If I have a form that is the main part of a page's content, will assigning focus to the first form field via JavaScript on page load have any negative effects on accessibility?


6 Answers 6


The short answer is no it doesn't make things inaccessible but it can make it confusing. The longer answer follows. Will your users know that there going to a page with a form, and does there need to be any descriptive text you should read before filling out the form? I'm a screen reader user and it can be annoying having focused put in random fields. It's clear why your focus winds up in the Google search box so that doesn't bother me. If my focus were automatically placed in the answer edit field every time I viewed a question on Stackoverflow I would be annoyed since I'd have to force my screen reader to navigate away from the form field and to the top of the page.


It might a bit, if we've got a keyboard user (either using a screen-reader, or just a habitual keyboard user) who's expecting to be navigating the links at the top of the page on first Tab press. For screen readers, you could also consider adding WAI-ARIA to add directions if users who don't expect to be dumped into the middle of a form.

If it's much more likely that the user's going to be wanting to type in the field straight away, then I think the autofocus is worth it. But for the reason above I wouldn't use it on every page with an input field.

If you do autofocus, make sure to do it right away, in a script as soon as possible following the input element, or in future using the HTML5 autofocus attribute. Don't do it as late as window.onload. It's annoying to have clicked the focus elsewhere only to have the document belatedly finish loading and steal the focus onto another element as you type.


A lot of sites will do this, google is a good example, the only issue is when you are typing something into the address bar, or into the search input in your browser, the action of focusing the form field tends to steal focus from where you are typing. It's a small nuisance.


will assigning focus to the first form field via JavaScript on page load have any negative effects on accessibility?

I can't think of any. In between fields might irritate whatever assistive software a user might be running, but the first field - hardly. I have no experience with braille and similar clients.

Seeing as even Google do it on their front page, I don't think it can be that big a deal either way.

  • 1
    Just because someone uses a screen reader doesn't mean they don't use JavaScript. The page is rendered in the browser complete with JavaScript, then a model of the page is handed off to the screen reader. When the page is updated with JavaScript those updates are sent to the model of the page the screen reader works with.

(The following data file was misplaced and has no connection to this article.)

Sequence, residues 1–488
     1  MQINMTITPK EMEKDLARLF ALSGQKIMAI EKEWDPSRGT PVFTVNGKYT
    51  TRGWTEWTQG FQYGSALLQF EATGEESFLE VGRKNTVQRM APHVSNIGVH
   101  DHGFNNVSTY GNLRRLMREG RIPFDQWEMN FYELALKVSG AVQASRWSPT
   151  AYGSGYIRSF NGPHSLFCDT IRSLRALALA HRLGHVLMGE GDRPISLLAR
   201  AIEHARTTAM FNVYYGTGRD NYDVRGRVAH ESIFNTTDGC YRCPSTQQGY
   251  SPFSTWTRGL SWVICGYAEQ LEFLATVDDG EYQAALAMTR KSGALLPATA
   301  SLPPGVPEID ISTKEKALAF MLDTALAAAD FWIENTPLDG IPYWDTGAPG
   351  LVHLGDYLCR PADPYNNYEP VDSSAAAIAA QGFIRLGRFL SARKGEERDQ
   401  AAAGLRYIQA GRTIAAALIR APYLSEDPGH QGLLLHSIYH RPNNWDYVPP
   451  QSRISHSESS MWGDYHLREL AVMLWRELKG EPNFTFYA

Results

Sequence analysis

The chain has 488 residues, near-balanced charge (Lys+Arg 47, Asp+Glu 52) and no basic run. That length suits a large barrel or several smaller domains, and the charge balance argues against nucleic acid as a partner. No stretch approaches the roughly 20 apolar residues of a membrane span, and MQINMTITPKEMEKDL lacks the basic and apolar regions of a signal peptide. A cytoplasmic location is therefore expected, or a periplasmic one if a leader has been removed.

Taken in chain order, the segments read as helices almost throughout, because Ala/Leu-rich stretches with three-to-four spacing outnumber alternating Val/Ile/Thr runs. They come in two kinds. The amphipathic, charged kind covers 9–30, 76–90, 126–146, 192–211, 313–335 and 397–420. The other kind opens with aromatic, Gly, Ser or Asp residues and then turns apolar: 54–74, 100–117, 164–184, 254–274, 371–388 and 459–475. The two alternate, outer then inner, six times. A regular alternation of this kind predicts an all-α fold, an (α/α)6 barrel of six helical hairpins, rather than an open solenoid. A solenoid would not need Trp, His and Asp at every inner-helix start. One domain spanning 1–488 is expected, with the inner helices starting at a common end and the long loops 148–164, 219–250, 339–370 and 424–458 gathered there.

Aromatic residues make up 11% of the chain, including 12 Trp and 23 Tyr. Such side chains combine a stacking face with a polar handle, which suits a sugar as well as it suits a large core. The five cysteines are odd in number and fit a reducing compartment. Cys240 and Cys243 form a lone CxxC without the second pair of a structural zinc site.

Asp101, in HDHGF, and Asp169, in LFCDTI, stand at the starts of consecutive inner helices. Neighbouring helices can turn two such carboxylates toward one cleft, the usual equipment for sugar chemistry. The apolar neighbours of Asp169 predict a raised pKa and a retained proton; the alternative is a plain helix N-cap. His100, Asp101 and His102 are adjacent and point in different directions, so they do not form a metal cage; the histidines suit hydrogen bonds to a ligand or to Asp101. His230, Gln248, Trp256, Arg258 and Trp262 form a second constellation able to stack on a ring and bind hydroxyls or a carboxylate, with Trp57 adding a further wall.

– Jared
    Feb 1, 2010 at 23:05

I wouldn't say so, fragments are an ingredient of HTTP and they set the focus of an *html page..

  • Come again - what "fragments"? Feb 1, 2010 at 23:02
  • fragments = #TextAtTheEndOfAURL
    – jball
    Feb 1, 2010 at 23:07

I wouldn't say so. A screenreader will probably not even notice this since it doesn't interpret the JavaScript on the page.

Another user which has a "normal" browser will get the advantage of having the cursor already at the right place which facilitates the navigation by using just the keyboard.

  • 10
    As a screen reader user this is not correct. The browser runs the JavaScript then returns a model of the page to the screen reader. This means you can easily be placed in a form field with no context of what it is or why your there.
    – Jared
    Feb 1, 2010 at 23:02
  • Very interesting! - Just goes to show what a useful community this is. I've been a web developer for about 12 years or so and I would have given exactly the same answer as Juri. I had no idea that screen readers worked in this way now days. I will be having a fresh look at accessibility in the near future. Can you detect a screen reader and perhaps focus a different, more useful part of the page instead?
    – meouw
    Feb 1, 2010 at 23:25
  • 1
    There's no way to detect weather a screen reader is running from with in a browser that i know of. If you want to have a look at ways to help screen reader users by providing extra information take a look at w3.org/TR/2008/WD-wai-aria-20080204 Not sure if this is the newest version but it is the version linked to when Google announced they had put ARIA support into Google reader.
    – Jared
    Feb 2, 2010 at 4:21
  • Interesting. Thx @Jared. Didn't know that actually. I though screen readers just interpret the HTML and completely ignore JavaScript.
    – Juri
    Feb 2, 2010 at 6:42
  • I wanted to add a related question to this thread: ux.stackexchange.com/questions/60026/… @jared do you have any current stats on how well HTML5's autofocus is supported by screen readers? Can screen readers be set to ignore this attribute these days? The WebAim article is a bit out of date now. Jan 24, 2017 at 15:27

Your Answer

By clicking “Post Your Answer”, you agree to our terms of service, privacy policy and cookie policy

Not the answer you're looking for? Browse other questions tagged or ask your own question.